The problems of viewing IDNs
Earlier this week, we inserted eleven new top-level domains in the DNS root zone. These represent the term “test” translated into ten languages, in ten different scripts (Chinese is represented in two different scripts, and Arabic script is used by two different languages).
This blog post is not about that. (If you’re interested about it, read our report on the delegations.)
What I would like to talk about is some of the difficulties we face today in expressing scripts in a consistent way over the Internet. The fact is, whilst we are at the best time in history for having computers represent many different languages clearly and consistently, we are still a long way from the level of support needed to give us strong confidence that people can always see what we intend them to see.
To illustrate, I will list all the eleven new top-level domains. On the left is the version your web browser wants to present to you, and on the right is how it should actually look.
If you find some of the versions don’t match, you would be in the majority of Internet users. The fact is most people cannot see these labels properly and consistently.The most likely problem you will face is that there will be some labels that you simply cannot see, because your computer does not have any font that can express the characters. When the correct font can not be found it will usually display something like the following:
Computers never come with the complete set of fonts that will allow it to show every possible IDN in the world. The primary concern is to supply fonts that allow the language used on the computer to work, and the rest are optional. Often this is fixed by downloading additional language packs for the missing languages, or specifically finding and installing fonts that support the wanted languages.
Finding fonts is sometimes only half the battle. English, on the scale of languages, is one of the simplest to represent by computer. It has 26 letters, and they always look the same and are presented the same no matter what order they are in. Sure, they may be stylistic variants, but in terms of composing letters it is very simple.
Take a look at this:
On the left is the correct way to present this, but those of you that do have Arabic fonts may find that you see the version on the right. This is because Arabic has more complex rules on how letterforms should be connected and formed. Some software is more accurate than others on how it does this.
The same issue may present itself in Devanagari script:
Again, on the right you can see the composing is not working correctly. If you’re really unlucky, for the Arabic version you may be seeing this:
This comes about because Arabic is written right-to-left. English, on the other hand, is written left-to-right. However, this corrupted example of Arabic has been written left-to-right — .siht ekil etorw I if sa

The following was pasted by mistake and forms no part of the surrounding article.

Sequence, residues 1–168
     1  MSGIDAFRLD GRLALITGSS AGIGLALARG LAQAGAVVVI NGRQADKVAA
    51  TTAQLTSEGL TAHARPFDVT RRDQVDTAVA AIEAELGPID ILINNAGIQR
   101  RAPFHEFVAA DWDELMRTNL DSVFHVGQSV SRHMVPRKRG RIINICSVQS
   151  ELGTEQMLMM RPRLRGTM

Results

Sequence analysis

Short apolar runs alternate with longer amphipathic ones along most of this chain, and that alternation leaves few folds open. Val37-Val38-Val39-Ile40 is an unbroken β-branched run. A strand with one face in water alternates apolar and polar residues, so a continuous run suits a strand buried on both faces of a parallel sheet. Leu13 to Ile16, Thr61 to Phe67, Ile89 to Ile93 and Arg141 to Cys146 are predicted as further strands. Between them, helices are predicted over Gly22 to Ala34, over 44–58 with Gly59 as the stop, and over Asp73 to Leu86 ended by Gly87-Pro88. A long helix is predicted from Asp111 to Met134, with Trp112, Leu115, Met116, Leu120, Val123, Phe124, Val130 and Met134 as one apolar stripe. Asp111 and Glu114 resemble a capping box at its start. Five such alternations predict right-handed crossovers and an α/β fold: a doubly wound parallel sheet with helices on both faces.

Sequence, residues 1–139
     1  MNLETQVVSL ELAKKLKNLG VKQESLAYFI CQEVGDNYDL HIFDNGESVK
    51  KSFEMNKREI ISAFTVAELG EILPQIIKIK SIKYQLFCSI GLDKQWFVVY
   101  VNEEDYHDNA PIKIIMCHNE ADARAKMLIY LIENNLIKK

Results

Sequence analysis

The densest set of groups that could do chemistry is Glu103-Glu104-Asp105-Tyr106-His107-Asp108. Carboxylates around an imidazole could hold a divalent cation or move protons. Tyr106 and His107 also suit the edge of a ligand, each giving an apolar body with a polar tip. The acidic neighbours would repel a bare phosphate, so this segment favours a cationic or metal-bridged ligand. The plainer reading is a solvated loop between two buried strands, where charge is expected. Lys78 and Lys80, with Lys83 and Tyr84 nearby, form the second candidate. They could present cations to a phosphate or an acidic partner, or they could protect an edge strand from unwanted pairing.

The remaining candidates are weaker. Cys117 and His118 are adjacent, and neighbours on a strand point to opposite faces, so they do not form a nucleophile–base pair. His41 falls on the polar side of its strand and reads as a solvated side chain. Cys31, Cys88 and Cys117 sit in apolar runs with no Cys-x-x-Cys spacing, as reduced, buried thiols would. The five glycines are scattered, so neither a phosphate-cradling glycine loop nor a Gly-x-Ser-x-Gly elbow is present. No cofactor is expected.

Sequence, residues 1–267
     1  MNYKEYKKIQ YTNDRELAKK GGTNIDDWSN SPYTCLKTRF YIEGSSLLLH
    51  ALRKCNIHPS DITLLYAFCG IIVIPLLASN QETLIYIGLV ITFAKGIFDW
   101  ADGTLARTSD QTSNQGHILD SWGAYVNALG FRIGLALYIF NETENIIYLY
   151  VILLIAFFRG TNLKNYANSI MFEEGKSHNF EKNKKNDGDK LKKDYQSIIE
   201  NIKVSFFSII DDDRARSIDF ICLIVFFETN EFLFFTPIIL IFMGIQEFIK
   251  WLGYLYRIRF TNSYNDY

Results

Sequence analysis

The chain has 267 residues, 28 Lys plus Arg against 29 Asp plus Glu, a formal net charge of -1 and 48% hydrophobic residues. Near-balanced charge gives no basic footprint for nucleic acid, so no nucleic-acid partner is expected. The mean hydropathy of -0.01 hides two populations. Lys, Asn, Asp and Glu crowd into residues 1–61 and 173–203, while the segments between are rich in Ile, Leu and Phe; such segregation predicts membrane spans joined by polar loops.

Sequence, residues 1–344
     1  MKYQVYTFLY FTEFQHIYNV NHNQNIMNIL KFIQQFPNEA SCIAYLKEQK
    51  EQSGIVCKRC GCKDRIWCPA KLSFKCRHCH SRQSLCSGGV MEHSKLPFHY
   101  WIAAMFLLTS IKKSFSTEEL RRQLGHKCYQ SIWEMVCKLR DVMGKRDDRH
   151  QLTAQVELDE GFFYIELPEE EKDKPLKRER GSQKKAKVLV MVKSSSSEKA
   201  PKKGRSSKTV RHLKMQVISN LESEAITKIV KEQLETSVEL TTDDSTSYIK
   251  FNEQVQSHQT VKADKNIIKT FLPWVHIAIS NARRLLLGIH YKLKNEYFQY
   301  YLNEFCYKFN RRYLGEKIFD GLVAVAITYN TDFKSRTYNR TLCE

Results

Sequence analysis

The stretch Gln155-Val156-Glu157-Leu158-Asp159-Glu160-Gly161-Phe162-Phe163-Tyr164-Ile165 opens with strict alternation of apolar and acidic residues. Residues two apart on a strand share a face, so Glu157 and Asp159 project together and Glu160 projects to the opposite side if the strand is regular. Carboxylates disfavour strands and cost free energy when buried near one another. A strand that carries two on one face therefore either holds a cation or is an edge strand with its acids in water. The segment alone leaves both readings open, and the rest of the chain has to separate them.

Ordering problems may also arise when fully blown domain names are used. Imagine a domain like maps.google.com. Now imagine it showing up as com.google.maps. That’s confusing, but imagine the confusion of google.com.maps, or worst of all, as google.com.spam. These are some of the variants that have shown when right-to-left ordering issues appear due to software problems. (More on this issue is in this presentation from the Israel ccTLD registry.)
Apart from the visual display issue, there can also be issues simply in transmitting these domains in communications. The DNS has been carefully upgraded to support these new domains, but that doesn’t mean you will get a consistent experience in other areas. In a discussion on these new test domains on an Internet mailing list, one person found they were showing like this:
This is because the encoding in the email is incorrect. Generally speaking, to fully express all the possible IDNs you need to use an encoding like UTF-8. However, ISO 8859-1 is often the default on many mail programs for users of English and other Western European languages. The result of viewing UTF-8 encoded labels in ISO 8859-1 results in the undecipherable letter soup you see above. If you’ve ever received foreign spam that just looked like a list of random letters, this is probably why.
This is just touching on the number of problems that can express themselves when dealing with the world’s languages and scripts. With the release of the evaluative top-level domains, it will provide additional opportunity to identify these types of problems, and work with software vendors and other parties to help improve their applications so these issues will no longer occur.